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Dreamland Burning – The Tulsa Massacre of 1921

Last week we shared with you an overview of our sharing our Culturally Responsive Teaching example for Black History Month 2021, how teaching about race in the United States requires an open inquiry mindset,  and you got to hear Morgan’s perspective (one of the literature teachers on the team) discuss how she also learned important lessons as she learned with the students in this unit.

The Unit Design OPEN and IMMERSE

This week we’ll share how the team rolled out the unit diving into the instructional design and how they used the Guided Inquiry Design Process to generate a powerful learning sequence with a lasting impact on the students.

As this year 2021 marks 100 years since this event took place, we thought this might be a unit other teachers across the county would want to try out.  The teachers who designed it agreed to provide their unit design, as well as this blog explanation of what they did, so that you might be able to ADAPT this for your students.  All classes are different and you’ll need to think about your population, what you’ll want to highlight and what might need more time and attention.

So we’ll start today with the collaborative team, and work through how they designed and implemented the first two phases of the process to open students to study and learn about the events in Tulsa in 1921.

Guided Inquiry Design is a collaborative effort.

This team worked closely together and with their librarian as they wove in and out of phases, teaching mini-lessons on content, information literacy, and how to accomplish certain tasks.  They frequently debriefed with each other on how it was going in all the classes as every 8th grader in the school went through this unit, 250 students in total.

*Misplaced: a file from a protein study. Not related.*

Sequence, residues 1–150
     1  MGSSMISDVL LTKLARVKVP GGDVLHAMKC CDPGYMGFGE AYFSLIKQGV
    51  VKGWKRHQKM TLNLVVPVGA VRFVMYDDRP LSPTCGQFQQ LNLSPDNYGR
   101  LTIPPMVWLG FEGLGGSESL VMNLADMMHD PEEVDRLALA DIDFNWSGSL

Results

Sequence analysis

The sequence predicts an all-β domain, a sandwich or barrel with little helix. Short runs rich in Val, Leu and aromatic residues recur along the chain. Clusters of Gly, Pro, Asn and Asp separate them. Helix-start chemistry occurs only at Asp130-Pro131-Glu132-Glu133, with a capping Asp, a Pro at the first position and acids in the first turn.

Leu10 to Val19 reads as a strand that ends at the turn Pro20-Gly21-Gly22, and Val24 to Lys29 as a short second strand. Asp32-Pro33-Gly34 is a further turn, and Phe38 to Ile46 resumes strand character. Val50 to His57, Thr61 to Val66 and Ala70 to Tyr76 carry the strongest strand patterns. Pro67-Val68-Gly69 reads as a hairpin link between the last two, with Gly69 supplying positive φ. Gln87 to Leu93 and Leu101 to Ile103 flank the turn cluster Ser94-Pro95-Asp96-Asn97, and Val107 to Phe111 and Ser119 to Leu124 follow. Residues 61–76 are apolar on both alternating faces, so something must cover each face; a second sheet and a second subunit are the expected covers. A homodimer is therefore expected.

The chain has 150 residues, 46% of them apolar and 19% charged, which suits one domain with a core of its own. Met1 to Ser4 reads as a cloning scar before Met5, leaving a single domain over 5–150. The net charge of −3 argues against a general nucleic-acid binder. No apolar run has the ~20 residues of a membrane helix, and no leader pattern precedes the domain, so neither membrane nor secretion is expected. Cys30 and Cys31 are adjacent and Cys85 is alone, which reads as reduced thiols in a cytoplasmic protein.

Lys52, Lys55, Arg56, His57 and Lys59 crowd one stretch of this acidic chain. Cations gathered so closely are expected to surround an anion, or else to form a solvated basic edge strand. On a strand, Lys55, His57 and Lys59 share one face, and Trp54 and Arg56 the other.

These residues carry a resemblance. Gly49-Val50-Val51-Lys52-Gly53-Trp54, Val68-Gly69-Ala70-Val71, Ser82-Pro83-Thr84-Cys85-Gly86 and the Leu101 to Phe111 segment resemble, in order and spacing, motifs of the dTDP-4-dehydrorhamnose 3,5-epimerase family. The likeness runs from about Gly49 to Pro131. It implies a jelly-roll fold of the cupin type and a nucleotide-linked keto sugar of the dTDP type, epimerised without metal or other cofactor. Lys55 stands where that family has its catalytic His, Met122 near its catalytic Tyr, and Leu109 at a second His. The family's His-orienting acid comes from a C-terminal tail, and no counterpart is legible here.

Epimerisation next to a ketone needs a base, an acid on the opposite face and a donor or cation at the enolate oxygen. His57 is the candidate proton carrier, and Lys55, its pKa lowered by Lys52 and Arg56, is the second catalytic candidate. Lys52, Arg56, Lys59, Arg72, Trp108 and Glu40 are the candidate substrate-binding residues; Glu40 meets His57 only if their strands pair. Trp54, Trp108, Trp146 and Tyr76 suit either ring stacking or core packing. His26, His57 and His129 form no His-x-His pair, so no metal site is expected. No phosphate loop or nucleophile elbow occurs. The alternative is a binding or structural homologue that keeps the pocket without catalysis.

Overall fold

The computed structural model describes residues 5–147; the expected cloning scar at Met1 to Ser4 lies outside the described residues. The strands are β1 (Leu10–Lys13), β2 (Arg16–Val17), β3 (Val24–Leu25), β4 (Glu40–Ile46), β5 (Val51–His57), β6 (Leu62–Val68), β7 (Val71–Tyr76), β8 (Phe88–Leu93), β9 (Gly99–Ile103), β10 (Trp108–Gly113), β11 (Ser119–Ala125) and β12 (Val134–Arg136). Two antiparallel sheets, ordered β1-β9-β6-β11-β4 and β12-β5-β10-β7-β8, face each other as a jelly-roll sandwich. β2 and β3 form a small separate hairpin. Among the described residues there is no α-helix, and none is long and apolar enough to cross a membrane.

• the teacher librarian – Carol Jones
  • two English Language Arts teachers Heather DeSchazer and Kelli Goodnight
  • two literature teachers Morgan Schaefer and Trecia Leach
  • one district leader Community and Library Services Coordinator – Cherity Pennington

You might be surprised to hear about language arts teachers teaching social studies content!  Well, I was surprised too, but I often find that teachers recognize that teaching language arts skills in a vacuum is not near as interesting as when it is tied up with some interesting content.  As a result, smart Language Arts teachers go for the content even though it’s not part of what they are required to teach.  Social Studies teachers- take note!  You could pair up with a language arts teacher and get double time on your content!  Talk about not being able to cover all the content- imagine how much you could do when collaborating.  (That is a post for another day!)

At this school, all 8th grade students have two English Language Arts periods during the day, one for literature and the other for language arts.  As a team, the teachers collaborate on their efforts to leverage even more time with students as they join the work to make the skills more meaningful as the students apply the literature lessons to the skills content.  Add the librarian into the mix on this unit and the work is distributed among all the team members in a fluid meaningful way! Win, win, win!

You’ll see, as the unit is described, that the students flow from literature class where they read the book Dreamland Burning to the library where they learn information literacy skills then to the language arts class where they work on writing that occurs as students need either to work on skills or learn more from information.

The Spark for Curiosity

The team decided on the concept of assumptions as a way to make learning about the Tulsa Race Massacre not stay in the past but help students to recognize within themselves the potential for racism, learn about how assumptions can be damaging and even cause great conflict and violent behavior.

So, the Open began with a Quick Write reflection about a time someone made an assumption about them.